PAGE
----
CJIS Security Policy and Cloud Computing; Don’t be in the “No!”
In the last newsletter I started talking about cloud computing and CJIS Security Policy (CSP) compliance. One of the the items I mentioned was that there are a couple of prohibitions that are identified within the CSP regarding cloud services.
Typically, the CSP describes what must be done to achieve compliance, not what is prohibited. Section 22.214.171.124 covers cloud computing, and most of that section talks about the white paper located in the Appendices (G.3). Hint-If you are going to contract for cloud services, you really need to read that white paper.
However, there are two policy statements in that section, both of which are prohibitions.
Several years ago when the CJIS Advisory Policy Board (APB) Security and Access Subcommittee was considering cloud requirements, these were the two issues that came up in the discussion.
The first one states “The metadata derived from CJI shall not be used by any cloud service provider for any purposes.”
Although metadata does not typically include the actual data itself, information about the data can be used to help paint a picture of “what’s going on.”
The Advisory Policy Board’s view was that vendors did not need to sift through this information, which could potentially compromise a criminal investigation (there are a lot of law enforcement folks on the APB.)
The second statement is kind of like the first “The cloud service provider shall be prohibited from scanning any email or data files for the purpose of building analytics, data mining, advertising, or improving the services provided.”
The members of the APB are always concerned about the potential unauthorized access to or use of Criminal Justice Information (CJI), and particularly Criminal History Record Information (CHRI). Federal law and many state laws are extremely emphatic in that area.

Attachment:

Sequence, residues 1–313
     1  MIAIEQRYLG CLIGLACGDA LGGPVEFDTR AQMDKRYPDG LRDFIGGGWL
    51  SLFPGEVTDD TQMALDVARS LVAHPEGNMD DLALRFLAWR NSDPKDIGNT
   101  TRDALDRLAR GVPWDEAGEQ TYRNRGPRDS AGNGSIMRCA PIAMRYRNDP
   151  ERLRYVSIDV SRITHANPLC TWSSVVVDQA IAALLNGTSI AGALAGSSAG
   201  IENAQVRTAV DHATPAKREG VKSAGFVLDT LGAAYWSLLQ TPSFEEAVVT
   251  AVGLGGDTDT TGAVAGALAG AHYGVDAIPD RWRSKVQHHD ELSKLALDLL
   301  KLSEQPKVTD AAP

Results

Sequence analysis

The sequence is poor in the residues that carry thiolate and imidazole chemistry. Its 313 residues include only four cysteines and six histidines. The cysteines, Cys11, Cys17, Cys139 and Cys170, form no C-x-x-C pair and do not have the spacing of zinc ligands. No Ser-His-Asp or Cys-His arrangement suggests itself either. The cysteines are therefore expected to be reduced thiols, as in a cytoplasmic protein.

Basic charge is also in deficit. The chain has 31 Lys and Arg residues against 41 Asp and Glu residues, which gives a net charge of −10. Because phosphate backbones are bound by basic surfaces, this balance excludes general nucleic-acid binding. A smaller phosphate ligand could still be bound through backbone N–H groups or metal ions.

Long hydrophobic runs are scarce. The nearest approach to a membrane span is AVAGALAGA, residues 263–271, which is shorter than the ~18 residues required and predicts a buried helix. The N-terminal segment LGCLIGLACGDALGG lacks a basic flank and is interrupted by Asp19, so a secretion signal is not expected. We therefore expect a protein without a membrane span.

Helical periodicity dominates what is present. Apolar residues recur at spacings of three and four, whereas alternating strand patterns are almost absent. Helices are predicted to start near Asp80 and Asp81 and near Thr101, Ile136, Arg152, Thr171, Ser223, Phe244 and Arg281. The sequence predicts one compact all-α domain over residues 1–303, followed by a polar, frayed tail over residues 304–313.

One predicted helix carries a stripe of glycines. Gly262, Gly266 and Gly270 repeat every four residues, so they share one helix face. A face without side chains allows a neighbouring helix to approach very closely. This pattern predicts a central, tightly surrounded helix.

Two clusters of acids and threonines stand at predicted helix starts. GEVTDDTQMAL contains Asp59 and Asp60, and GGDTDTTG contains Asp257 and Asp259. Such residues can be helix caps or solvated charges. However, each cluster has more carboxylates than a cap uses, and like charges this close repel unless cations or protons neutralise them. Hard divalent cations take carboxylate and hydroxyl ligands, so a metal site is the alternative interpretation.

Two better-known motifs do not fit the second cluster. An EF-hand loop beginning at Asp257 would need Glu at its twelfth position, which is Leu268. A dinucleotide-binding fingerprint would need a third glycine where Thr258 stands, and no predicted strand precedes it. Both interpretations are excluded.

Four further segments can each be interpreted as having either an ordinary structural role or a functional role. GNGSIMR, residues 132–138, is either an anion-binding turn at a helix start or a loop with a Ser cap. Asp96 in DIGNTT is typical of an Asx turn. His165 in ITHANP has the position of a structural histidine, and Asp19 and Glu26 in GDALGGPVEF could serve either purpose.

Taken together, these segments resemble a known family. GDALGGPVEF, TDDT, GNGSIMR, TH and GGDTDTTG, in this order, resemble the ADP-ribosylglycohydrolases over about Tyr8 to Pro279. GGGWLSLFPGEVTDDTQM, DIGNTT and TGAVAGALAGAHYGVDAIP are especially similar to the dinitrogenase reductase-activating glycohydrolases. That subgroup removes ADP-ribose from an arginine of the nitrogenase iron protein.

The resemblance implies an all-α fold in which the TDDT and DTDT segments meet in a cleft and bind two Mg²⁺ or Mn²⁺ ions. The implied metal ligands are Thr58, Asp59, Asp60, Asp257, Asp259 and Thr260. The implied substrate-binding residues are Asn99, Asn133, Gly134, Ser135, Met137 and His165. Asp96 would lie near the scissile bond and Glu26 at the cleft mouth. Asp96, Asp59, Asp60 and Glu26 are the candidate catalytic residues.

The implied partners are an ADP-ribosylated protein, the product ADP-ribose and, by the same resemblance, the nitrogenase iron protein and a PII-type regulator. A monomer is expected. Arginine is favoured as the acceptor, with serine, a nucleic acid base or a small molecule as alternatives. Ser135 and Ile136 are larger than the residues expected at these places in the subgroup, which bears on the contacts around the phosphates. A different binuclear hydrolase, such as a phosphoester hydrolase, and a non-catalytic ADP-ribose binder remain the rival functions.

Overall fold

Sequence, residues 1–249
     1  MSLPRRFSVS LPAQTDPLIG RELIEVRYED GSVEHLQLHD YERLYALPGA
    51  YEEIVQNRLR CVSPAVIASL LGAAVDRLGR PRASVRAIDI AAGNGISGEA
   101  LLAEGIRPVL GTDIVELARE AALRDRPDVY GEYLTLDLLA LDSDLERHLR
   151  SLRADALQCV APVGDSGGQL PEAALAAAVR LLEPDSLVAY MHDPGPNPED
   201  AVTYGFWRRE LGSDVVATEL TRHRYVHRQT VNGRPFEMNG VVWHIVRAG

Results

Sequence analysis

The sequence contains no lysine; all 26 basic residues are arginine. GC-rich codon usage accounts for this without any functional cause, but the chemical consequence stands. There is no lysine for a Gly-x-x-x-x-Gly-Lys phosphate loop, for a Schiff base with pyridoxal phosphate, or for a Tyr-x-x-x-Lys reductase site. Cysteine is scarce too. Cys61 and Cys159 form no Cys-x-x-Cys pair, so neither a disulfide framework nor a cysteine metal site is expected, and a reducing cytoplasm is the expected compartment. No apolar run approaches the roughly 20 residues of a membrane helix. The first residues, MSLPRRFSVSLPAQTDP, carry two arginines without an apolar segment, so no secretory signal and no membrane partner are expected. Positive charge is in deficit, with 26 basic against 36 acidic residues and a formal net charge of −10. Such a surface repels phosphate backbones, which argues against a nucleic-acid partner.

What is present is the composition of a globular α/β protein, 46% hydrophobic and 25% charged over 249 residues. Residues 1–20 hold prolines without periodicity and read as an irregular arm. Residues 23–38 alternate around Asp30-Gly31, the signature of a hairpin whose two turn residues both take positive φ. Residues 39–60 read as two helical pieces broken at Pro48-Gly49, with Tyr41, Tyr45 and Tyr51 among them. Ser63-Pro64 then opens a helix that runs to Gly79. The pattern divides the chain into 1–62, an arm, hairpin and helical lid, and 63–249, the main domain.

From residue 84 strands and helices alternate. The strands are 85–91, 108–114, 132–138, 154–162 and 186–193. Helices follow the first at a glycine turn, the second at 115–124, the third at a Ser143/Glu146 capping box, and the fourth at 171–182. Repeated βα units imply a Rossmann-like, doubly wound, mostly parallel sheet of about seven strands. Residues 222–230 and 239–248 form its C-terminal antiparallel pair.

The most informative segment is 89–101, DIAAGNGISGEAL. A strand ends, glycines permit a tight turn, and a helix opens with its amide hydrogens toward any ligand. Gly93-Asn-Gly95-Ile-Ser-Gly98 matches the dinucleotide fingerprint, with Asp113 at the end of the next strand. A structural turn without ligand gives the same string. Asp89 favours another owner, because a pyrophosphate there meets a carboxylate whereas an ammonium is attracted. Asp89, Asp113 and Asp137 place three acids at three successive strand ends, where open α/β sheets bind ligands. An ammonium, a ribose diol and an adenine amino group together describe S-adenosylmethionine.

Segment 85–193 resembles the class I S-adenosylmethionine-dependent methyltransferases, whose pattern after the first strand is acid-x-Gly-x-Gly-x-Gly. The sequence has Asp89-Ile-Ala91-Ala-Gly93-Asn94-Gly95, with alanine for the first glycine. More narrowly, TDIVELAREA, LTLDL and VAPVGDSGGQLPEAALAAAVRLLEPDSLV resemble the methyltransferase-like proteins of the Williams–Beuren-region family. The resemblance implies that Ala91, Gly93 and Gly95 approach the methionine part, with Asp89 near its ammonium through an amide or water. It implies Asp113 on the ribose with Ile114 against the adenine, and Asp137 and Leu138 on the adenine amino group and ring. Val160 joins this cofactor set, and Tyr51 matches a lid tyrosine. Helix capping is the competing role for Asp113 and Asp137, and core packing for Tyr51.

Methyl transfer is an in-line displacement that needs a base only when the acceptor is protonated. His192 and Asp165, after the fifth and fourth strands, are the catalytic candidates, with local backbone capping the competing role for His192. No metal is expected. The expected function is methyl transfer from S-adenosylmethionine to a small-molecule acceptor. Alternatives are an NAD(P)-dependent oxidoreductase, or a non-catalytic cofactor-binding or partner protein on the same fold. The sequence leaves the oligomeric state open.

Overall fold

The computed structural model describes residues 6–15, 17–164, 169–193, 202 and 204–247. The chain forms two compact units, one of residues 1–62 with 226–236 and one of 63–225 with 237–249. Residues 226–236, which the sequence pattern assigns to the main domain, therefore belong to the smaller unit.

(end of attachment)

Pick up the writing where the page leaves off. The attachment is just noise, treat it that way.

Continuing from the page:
Remember, CHRI is a type of CJI, and there are very specific requirements associated with its access and dissemination. As such, the APB is required to protect CHRI from unauthorized access, e.g., scanning records that include CHRI for improving services is considered a type of access.
Scanning records to improve services is not an authorized purpose for access to CHRI.
As we’ve mentioned before, when looking for a CJIS compliant cloud solution, you have to look at everything, and evaluate whether it meets the requirements of the CJIS Security Policy.
Assuming that something is compliant in the cloud because it was compliant when it was sitting in your criminal justice owned data center is a recipe for disaster.
Years ago, I ran into that when an agency moved their server from within their building to a datacenter across town. Inside their building, they didn’t need to encrypt traffic (it stayed in the building), but when it got moved, they had to figure a way to encrypt to and from the server.
As cloud computing continues to be a option for saving IT resources, the APB will most likely modify the CSP, and that is your opportunity to help define the controls for protecting CJI in the cloud.
If you’re interested in helping make those changes, contact your CJIS Systems Officer (CSO), or go to our blog and read our newsletter on the APB process to understand your role.
Want to know more or further discuss CJIS compliance? Give me a call at 850-656-3333 x288 or email me at email@example.com.
Y’all take care.